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Volume 19 Issue 1 (2012)

Migrant Workers and Changing Work-place Regimes in Contemporary Agricultural Production in Canada             62-82

Author: Kerry Preibisch
Affiliation: Department of Sociology and Anthropology, University of Guelph, Guelph, Ontario, Canada

Abstract            PDF

Contemporary processes of globalization have had significant implications for food systems around the world. The adoption of neo-liberal policies on a global scale, changing systems of governance in supply chains, and the development of new technologies have transformed how food is produced and consumed. Although the implications of these changes for the labour sustaining agri-food systems have received scant attention in the literature, research suggests they are profound. In this article, I seek to further our knowledge of how these processes are unfolding in a high income country context through a focus on Canada, examining in particular how changes to immigration policy have rendered work in Northern agri-food industries more precarious. In so doing, I seek to contribute to theoretical debates on the role of the state in regulating work-place regimes and managing capitalist accumulation in agriculture.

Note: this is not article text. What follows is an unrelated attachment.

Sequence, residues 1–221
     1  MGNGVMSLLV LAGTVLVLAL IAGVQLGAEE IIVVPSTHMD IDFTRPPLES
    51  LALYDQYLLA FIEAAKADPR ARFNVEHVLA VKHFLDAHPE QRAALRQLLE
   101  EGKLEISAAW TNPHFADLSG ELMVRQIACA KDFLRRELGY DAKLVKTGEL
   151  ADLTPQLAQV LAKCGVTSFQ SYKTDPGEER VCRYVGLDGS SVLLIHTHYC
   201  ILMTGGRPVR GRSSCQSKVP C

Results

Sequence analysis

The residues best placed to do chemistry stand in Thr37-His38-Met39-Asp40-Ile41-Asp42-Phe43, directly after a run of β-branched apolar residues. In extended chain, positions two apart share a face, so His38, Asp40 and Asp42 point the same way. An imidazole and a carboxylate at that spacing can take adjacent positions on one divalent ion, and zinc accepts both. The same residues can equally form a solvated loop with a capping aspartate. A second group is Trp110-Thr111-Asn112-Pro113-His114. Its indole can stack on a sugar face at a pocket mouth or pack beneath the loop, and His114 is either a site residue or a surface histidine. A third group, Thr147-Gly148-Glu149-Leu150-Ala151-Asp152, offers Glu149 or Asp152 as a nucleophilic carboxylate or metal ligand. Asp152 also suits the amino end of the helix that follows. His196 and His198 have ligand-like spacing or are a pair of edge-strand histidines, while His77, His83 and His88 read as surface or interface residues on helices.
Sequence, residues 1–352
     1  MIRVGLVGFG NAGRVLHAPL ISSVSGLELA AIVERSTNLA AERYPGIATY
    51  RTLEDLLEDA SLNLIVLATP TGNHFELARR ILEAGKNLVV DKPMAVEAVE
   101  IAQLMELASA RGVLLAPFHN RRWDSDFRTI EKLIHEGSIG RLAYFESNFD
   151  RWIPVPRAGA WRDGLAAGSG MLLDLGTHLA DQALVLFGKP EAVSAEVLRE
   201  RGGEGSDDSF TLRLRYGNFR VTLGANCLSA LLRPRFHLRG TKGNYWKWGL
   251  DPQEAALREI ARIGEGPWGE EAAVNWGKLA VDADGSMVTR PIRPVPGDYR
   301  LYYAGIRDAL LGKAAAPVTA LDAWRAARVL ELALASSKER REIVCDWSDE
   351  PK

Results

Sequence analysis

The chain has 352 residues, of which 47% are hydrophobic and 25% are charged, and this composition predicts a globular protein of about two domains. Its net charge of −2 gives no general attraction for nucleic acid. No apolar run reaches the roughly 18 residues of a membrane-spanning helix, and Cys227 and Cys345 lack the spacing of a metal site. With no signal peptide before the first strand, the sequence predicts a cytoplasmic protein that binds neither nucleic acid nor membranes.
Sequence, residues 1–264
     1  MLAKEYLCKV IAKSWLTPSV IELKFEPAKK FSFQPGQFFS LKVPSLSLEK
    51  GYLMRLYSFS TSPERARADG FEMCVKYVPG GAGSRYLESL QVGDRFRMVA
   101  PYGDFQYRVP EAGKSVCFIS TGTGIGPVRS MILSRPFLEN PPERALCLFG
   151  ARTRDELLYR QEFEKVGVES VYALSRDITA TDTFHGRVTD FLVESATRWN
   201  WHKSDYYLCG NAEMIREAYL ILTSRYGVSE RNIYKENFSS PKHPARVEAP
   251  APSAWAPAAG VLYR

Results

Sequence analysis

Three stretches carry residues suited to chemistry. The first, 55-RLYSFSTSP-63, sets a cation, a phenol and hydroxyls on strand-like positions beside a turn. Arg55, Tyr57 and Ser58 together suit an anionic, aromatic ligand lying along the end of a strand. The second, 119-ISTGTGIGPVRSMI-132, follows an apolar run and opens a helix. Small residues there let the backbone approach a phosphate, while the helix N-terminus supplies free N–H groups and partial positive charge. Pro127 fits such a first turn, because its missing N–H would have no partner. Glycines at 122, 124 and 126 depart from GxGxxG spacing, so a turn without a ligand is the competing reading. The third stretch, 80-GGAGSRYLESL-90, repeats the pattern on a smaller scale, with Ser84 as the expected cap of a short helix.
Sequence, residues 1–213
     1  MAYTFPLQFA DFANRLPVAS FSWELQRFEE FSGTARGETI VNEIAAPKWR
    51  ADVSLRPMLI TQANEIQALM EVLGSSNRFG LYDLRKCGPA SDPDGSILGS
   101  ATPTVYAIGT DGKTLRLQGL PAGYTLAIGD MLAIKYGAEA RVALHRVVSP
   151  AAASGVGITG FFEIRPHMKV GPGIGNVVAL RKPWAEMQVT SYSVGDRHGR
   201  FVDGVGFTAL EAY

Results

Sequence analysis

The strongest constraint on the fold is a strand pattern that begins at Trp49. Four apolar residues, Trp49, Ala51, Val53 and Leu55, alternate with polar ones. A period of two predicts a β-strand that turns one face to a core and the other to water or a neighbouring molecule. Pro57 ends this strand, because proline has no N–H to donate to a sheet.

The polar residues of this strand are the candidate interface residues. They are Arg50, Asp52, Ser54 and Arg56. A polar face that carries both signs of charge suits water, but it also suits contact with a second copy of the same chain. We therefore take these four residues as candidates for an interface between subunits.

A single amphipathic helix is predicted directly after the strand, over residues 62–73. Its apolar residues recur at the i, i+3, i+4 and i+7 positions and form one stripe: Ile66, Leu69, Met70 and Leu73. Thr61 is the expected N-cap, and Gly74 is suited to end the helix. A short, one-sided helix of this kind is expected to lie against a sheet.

International Journal of Sociology of Agriculture and Food

Published by Michigan State University

Official publication of the Research Committee on Sociology of Agriculture and Food (RC-40)
of the International Sociological Association (ISA)

Editors: Raymond Jussaume, Claire Marris and Katerina Psarikidou

Frequency: 3 issues per year 
ISSN: 0798-1759